26 September 2021
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After Afghanistan, Biden Shouldn’t Abandon Iraq Too

Saturday, 04 September 2021 14:20

As Afghans grapple with fear and uncertainty in the wake of the U.S. military pullout from their country, Iraqis are beginning to wonder if it will be their turn next.

The Biden administration, doubling and tripling down on the president’s defense of his Afghanistan withdrawal, has been deploying Washington’s current catchphrase, “forever wars,” as well as invoking old shibboleths about the “national interest.” Pursuing the latter, so the theory goes, requires ending the former.

Iraq, where the U.S. military presence is now in its 18th year, may seem like another “forever war,” but prolonging that presence is a necessary condition for a number of interlocking American objectives, including preserving the country’s fragile peace, protecting Middle Eastern allies, preventing the resurgence of the Islamic State and interdicting the malign influence of Iran.
 
These are all manifestly in the American national interest.   

Does Biden see this? Let’s hope so. The president has a history of woolly and reckless ideas about the Middle East — as a senator, he endorsed a proposal to “soft-partition” Iraq along ethnic and sectarian lines, giving little thought to whether Iraqis wanted to be subdivided in that way. Thankfully, he has refrained from airing such views since entering the White House.

Unlike in the case of Afghanistan, where the president overruled the Pentagon’s argument for maintaining a military footprint, he has apparently been persuaded that Iraq is a different matter. Instead of withdrawing all U.S. troops, he has decided their mission will morph from combatting enemies to helping the Iraqis to do the job.

This is a deft bit of legerdemain, allowing both Biden and Iraqi Prime Minster Mustafa al-Kadhimi to appease domestic constituencies that are clamoring for a full American exit. The U.S. president can pretend that, even if he hasn’t brought the troops “back home,” he has taken them out of the frontline; and Kadhimi, in the run up to a general election, can placate Iran-backed militias and political parties that want the Americans gone. 
 

The continued U.S. military presence will not only improve the skills of the Iraqi security services; it will also bolster the morale of soldiers who, much like their Afghan counterparts, have for years carried much of the burden — and paid much of the human cost — of fighting terrorist groups in their country. Not even Biden could accuse the Iraqis, as he shamefully did the Afghans, of  being unwilling “to fight for themselves.”

Nor could he argue that U.S. forces in Iraq are in imminent danger: There is no Taliban-like force on the verge of taking over Baghdad. That, too, is in large part a testament to the qualities of the Iraqi fighting forces. They were the ones, with U.S. assistance, who recovered territory lost to the Islamic State, and they’re the ones keeping the terrorists, still at large, from making a comeback.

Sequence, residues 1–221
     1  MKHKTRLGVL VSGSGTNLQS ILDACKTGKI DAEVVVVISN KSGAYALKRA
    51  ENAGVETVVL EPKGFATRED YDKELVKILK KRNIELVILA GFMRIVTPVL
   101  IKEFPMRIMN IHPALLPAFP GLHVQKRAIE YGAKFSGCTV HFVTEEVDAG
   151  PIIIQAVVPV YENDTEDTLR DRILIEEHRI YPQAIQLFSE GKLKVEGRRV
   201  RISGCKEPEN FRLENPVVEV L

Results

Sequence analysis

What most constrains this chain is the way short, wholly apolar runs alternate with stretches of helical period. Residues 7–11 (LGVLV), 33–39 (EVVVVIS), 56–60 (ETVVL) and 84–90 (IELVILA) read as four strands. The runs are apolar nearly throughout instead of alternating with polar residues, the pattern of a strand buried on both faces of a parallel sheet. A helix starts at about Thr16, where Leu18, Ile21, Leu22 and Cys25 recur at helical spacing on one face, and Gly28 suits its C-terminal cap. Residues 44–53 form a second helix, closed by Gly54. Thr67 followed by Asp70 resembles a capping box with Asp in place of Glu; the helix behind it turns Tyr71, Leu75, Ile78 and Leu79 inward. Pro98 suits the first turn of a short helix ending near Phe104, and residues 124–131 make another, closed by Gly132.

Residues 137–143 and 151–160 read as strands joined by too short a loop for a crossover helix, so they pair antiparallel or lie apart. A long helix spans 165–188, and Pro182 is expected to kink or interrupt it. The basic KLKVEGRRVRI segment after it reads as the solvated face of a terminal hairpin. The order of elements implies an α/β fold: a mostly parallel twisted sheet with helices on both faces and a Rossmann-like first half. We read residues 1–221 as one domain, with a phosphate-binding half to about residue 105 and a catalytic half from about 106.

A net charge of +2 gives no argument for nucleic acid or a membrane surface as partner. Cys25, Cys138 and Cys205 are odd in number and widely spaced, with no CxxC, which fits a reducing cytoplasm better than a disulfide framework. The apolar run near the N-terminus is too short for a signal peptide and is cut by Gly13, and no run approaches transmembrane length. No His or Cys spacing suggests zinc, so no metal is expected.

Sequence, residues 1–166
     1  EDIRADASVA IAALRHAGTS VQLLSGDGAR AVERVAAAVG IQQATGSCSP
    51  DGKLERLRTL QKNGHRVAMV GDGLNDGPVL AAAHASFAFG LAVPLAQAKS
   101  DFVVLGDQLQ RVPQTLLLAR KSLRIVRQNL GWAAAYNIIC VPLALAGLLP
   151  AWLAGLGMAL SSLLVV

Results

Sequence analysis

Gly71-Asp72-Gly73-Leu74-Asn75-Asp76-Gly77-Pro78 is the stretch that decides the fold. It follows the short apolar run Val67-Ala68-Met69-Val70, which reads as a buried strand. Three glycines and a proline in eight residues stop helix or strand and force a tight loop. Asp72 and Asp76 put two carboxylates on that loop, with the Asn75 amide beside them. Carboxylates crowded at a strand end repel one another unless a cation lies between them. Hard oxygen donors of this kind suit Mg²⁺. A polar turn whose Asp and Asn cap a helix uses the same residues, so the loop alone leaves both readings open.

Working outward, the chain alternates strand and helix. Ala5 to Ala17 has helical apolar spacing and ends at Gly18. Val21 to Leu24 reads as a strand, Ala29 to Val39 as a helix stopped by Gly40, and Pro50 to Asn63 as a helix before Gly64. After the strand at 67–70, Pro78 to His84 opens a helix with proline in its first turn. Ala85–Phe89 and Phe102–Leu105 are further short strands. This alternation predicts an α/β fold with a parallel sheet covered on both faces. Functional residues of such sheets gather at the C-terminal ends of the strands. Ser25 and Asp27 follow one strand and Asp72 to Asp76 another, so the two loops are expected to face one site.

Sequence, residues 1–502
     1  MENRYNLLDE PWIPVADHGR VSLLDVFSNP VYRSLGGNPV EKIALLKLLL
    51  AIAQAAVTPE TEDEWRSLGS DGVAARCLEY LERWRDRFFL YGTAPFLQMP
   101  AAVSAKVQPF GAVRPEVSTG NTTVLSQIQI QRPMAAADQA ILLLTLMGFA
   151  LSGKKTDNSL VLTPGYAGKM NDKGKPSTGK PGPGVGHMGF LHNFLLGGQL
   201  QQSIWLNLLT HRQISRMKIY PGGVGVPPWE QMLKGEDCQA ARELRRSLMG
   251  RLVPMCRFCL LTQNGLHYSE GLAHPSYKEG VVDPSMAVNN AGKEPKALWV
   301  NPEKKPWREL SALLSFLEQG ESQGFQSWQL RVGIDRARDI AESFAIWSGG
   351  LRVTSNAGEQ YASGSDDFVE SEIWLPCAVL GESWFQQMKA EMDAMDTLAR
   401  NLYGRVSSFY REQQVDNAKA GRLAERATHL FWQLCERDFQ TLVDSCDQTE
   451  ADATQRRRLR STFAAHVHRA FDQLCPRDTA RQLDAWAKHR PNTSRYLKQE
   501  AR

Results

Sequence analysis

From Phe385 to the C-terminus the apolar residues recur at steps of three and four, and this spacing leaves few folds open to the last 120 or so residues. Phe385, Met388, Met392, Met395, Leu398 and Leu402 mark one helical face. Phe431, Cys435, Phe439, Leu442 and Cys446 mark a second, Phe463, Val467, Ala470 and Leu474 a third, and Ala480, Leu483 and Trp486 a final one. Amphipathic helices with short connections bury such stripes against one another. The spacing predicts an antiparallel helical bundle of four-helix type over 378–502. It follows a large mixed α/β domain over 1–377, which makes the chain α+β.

But the American involvement is crucial to defending the Iraqi military from other threats. Having U.S. units embedded with Iraqi national forces, especially the elite forces, keeps them from being infiltrated and taken over by Tehran’s proxy militias. The Americans also prevent sectarian and ethnic rivalries within the armed services — between Kurds and Arabs, say — from getting out of hand.
 

The U.S. military presence in Iraq is crucial for the pursuit of American interests in the wider neighborhood, too. The Syrian Kurds, who have been allies in the fight against the Islamic State, are supplied through northern Iraq. Kurds on both sides of the border, having cast their lot with the U.S., have been shaken by the pullout in Afghanistan.

Others in the neighborhood have cause to celebrate the events in Kabul, and hope they will soon be repeated in Erbil and Sulaymaniyah, the major Iraqi-Kurdish cities, and Baghdad. Hezbollah, for instance, would welcome the removal of U.S. forces. Its supplies of arms from Iran — which enable the terrorist group to dominate Lebanon, fight for the Syrian dictator Bashar al-Assad and and menace Israel — could then be greatly be increased.

As my colleague Zev Chafets has pointed out, Biden’s Afghanistan withdrawal already has Israel looking nervously over its shoulder. A withdrawal from Iraq would leave America’s most important ally in the Middle East exposed to even greater danger from the implacable hatred of the Islamic Republic.
 
Other allies in the region, such as Saudi Arabia and the United Arab Emirates, have recently taken to hedging their bets by parleying with Iran, and Iraq has emerged as their main intermediary. Kadhimi’s qualifications as an honest broker rest on his being equidistant from Iran and the Arab states. But take the U.S. out of the picture, and there’s every likelihood that the prime minister becomes a puppet of Tehran. Rather than being a place where the Iranians and Gulf Arabs can confer, Iraq would quickly turn into an area of contestation, with destabilizing effects across the region.

Even a White House keen to “pivot” away from the Middle East must see that this would go directly against the American national interest. Here’s hoping Biden doesn’t succumb to his reckless tendencies — and stays the course in Iraq.

Source: The Washington Post

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